The city of Aspen is considering buying water from Ruedi Reservoir, which would give it more long-range flexibility if climate change curtails the natural streamflow of area rivers.
In a rare opportunity, the U.S. Bureau of Reclamation, which manages Ruedi allotments, is putting the available water up for sale.
The city is considering spending around $500,000 on the rights for 400 acre feet per year. Controlling that amount of water would mean that, in a dry year, the city could would have a cushion if downstream users on the Colorado River that have rights senior to Aspen’s “call out” water rights. This happens when water is too scarce to meet everyone’s needs.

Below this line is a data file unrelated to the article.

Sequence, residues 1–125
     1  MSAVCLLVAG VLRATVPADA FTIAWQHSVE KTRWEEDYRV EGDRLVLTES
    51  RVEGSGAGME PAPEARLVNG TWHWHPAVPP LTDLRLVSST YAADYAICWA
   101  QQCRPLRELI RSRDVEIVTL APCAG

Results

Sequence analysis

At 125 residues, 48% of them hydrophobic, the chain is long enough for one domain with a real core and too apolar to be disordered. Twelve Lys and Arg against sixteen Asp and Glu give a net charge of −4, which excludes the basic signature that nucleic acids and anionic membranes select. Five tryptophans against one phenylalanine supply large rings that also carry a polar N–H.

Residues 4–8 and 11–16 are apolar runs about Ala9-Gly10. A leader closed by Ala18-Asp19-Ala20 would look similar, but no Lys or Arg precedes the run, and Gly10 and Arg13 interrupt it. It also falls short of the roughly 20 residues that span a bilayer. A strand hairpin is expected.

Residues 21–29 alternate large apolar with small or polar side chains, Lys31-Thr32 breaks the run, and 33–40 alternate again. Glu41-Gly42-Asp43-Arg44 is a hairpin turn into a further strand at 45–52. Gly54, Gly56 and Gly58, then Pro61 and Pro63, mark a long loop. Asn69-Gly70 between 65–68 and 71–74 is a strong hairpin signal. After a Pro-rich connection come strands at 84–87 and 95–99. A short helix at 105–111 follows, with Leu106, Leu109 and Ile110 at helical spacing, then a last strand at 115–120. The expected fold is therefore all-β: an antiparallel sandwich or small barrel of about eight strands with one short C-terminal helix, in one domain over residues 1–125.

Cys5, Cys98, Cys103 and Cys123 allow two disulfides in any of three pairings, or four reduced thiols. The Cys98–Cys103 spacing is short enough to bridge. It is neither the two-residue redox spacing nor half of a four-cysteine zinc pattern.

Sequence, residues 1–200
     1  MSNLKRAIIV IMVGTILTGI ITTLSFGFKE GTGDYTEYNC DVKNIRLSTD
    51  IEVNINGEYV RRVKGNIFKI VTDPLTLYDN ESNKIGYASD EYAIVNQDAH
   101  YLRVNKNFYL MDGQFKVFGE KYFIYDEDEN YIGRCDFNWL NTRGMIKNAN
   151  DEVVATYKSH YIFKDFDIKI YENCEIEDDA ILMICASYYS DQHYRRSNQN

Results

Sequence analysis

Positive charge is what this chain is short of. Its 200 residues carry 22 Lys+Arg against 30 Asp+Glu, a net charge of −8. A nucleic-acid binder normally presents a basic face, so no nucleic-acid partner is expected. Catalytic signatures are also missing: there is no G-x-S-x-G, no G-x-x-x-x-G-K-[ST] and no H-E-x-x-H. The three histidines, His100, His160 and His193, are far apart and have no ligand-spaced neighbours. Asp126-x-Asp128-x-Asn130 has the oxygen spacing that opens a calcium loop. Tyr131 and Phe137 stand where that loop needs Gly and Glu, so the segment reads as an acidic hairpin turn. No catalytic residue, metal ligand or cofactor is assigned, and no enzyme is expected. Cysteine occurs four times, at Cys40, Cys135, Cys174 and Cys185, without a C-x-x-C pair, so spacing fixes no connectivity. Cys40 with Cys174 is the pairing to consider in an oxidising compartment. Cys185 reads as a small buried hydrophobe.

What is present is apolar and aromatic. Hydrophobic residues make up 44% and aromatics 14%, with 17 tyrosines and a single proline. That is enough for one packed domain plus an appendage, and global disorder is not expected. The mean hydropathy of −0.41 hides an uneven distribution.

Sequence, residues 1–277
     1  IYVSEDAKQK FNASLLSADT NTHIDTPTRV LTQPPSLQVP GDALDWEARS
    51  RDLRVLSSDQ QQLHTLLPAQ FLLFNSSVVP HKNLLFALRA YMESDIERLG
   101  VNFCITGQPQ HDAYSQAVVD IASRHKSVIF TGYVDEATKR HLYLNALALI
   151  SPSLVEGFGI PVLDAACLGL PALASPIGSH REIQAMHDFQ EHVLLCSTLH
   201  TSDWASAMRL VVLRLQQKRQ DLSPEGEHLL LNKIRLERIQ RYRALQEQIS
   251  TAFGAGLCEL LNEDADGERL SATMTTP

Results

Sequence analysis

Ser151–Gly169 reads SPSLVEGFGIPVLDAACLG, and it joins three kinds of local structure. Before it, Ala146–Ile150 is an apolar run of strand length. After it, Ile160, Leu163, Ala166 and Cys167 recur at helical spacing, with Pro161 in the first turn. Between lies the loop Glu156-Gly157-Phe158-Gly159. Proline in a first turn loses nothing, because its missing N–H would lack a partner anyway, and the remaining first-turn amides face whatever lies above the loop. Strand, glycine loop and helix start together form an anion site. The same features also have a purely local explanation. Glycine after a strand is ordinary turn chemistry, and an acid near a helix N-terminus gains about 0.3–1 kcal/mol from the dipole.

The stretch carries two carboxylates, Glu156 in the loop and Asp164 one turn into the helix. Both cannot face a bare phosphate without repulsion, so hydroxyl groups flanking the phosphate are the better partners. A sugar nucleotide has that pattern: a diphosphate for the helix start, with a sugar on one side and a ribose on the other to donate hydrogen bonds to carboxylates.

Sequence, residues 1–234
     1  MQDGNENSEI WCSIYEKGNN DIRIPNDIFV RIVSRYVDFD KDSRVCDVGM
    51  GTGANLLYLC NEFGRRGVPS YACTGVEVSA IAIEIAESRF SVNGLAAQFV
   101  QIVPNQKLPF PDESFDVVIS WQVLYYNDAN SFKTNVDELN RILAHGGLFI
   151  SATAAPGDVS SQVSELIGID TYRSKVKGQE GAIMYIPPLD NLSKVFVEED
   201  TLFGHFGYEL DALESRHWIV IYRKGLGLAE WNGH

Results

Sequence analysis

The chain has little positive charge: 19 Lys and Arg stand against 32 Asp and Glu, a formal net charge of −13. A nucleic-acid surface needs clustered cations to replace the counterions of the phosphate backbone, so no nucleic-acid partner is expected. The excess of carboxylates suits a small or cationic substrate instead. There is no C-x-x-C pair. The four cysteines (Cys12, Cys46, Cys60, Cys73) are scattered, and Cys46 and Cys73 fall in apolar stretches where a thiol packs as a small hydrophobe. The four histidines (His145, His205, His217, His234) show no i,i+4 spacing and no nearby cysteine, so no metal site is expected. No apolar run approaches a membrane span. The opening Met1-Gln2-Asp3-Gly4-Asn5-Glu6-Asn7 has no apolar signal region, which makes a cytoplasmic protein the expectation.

Aspen City Council heard information on the proposal at Monday night’s meeting, and is expected to vote on the matter at a meeting next week.
Phil Overeynder, former utility department head who works on a consulting basis with the city, said that acquiring the water rights would essentially provide a hedge against global warming.
While current conditions in Maroon and Castle creeks, and also some groundwater wells the city uses, are adequate to supply the town with water in historically dry years, that may not be the case in the future, because of changes in snowpack and runoff patterns that may result from climate change, Overeynder said.
If less water is available, it might harm the city’s ability to pursue things like runoff-capturing ponds and a system that would take water from the sanitation district facility and pump it back up the hill to the golf course.